ZAMBOANGA CITY, Zamboanga del Sur, Philippines — Malaysia has begun the deportation of more than 5,000 Filipinos from Sabah with the first batch of almost 400 arriving in Bongao, Tawi-Tawi, on Saturday.
Ivan Eric Salvador, information officer of the Department of Social Welfare and Development’s (DSWD) Zamboanga regional office, said the group of 394 was the first of 14 batches, totaling 5,300 people, that will be arriving over the next two weeks.
Salvador said 306 Tawi-Tawi residents of the 384 disembarked the MV Antonia at Bongao on Saturday while the remaining 88 proceeded to Zamboanga City before heading to their hometowns on Sunday.
Of the 88, Salvador said 12 were from Zamboanga City, 35 from Sulu, 13 from Basilan, eight from Zamboanga del Norte, five from Zamboanga del Sur, four from Zamboanga Sibugay and 11 from Cebu, General Santos, Davao, Bukidnon, Negros Occidental, Lanao del Sur, Bohol, La Union, Cavite and Siquijor.
Salvador said a government team of doctors, quarantine officers and social workers were assisting the deportees and checking on their health.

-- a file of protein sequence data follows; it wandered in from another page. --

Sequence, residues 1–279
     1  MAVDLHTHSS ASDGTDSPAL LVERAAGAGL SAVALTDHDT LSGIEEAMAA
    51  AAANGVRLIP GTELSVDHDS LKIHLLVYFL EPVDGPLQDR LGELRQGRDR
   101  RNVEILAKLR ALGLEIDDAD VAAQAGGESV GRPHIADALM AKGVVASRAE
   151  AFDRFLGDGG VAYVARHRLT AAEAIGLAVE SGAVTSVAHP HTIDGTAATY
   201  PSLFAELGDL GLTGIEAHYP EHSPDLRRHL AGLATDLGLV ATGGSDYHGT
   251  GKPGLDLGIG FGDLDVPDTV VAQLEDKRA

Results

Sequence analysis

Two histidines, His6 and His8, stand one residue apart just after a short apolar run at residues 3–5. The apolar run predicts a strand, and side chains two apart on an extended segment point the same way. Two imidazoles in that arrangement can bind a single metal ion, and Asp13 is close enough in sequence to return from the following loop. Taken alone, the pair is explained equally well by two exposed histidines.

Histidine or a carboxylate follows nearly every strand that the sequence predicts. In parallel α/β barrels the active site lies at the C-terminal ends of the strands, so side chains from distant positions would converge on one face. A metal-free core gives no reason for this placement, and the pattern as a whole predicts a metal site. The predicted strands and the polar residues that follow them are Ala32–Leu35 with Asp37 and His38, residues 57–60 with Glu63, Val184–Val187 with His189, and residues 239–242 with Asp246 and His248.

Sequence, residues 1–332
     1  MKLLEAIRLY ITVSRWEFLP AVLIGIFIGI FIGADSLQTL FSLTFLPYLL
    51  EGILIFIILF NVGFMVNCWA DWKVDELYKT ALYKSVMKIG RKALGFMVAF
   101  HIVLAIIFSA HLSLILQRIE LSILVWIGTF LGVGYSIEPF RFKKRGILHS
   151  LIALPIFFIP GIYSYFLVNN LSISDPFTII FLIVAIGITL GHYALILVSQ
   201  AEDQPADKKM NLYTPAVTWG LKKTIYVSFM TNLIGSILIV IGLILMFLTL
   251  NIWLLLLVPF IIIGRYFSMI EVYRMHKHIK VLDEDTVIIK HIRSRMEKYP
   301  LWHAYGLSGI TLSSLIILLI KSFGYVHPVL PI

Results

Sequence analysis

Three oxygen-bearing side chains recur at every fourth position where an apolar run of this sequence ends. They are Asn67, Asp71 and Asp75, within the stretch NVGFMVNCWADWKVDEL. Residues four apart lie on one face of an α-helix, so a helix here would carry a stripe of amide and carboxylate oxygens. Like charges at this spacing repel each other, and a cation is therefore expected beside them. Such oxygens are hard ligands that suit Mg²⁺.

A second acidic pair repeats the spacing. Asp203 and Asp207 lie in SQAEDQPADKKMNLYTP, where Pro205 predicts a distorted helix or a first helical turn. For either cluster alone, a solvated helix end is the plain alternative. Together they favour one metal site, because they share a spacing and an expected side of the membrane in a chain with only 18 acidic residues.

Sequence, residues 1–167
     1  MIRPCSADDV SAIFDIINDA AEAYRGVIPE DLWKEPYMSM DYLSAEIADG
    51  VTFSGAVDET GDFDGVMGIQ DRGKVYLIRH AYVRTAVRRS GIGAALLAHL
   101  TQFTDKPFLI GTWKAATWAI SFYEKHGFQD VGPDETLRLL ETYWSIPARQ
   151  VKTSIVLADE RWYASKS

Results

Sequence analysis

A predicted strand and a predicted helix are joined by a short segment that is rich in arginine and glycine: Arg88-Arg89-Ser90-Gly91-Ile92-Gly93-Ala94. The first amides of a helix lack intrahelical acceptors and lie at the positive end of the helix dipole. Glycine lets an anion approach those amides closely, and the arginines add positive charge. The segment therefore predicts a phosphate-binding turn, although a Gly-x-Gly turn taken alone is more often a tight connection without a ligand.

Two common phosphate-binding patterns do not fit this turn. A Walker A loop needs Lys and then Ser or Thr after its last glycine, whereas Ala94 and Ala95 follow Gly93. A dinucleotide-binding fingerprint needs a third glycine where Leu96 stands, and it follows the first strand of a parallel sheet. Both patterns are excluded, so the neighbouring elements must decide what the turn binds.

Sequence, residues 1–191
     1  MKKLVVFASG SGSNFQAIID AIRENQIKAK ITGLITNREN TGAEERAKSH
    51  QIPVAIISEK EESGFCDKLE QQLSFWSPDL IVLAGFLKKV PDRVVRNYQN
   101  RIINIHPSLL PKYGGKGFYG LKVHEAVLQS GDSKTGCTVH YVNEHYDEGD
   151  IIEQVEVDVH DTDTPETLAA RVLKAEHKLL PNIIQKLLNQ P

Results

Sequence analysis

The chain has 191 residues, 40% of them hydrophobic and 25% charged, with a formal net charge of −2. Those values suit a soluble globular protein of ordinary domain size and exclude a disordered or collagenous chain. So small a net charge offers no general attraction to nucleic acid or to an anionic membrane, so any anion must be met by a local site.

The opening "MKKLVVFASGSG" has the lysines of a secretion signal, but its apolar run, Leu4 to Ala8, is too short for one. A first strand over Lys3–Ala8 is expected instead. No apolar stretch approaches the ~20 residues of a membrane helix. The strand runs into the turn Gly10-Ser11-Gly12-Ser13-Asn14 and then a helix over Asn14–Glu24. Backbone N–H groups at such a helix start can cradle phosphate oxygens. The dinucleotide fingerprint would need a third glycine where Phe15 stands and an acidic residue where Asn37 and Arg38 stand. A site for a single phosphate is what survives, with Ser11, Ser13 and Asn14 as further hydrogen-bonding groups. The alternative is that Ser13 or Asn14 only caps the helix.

But Mohammad Asnin Pendatun, Cabinet secretary of the Bangsamoro Autonomous Region in Muslim Mindanao and spokesperson of the Bangsamoro Inter-Agency Task Force on COVID-19, said Malaysia had assured them that the deportees underwent antigen testing before their deportation.
All tested negative
“They have already undergone testing and they all tested negative,” Pendatun said, adding that the Bangsamoro government had been preparing for the arrival of the deportees, including a composite team from the DSWD, the Department of Health and Bureau of Quarantine.
It was the largest deportation of Filipinos from Sabah since 64,000 undocumented Filipinos were repatriated in a major crackdown in 2002.
Pendatun added that the figure of 5,000 expected deportees was only a conservative estimate.
According to data from the Department of Foreign Affairs, there are almost 500,000 Filipinos living in Malaysia in 2011 but only 325,089 of them were documented.
Because of the porous border, Filipinos from Mindanao, mostly Moros, travel in and out of Sabah with little issue until Jamalul Kiram III, a scion of the Sultanate of Sulu, which claims sovereignty over Sabah, staged a failed raid in Lahad Datu, Sabah, in 2013.
In 2015, the Malaysian state news agency Bernama reported that 78 percent of the 3,770 foreign inmates at Sabah prisons, or 2,940, were Filipinos, mostly serving sentences for drug offenses.
The deportation of around 4,000 to 6,000 undocumented Filipinos each year started after the Lahad Datu raid as well as incidents of discrimination against Filipinos living in Malaysia, particularly Malaysian Tausug tribesmen called “Suluk” in Bahasa.
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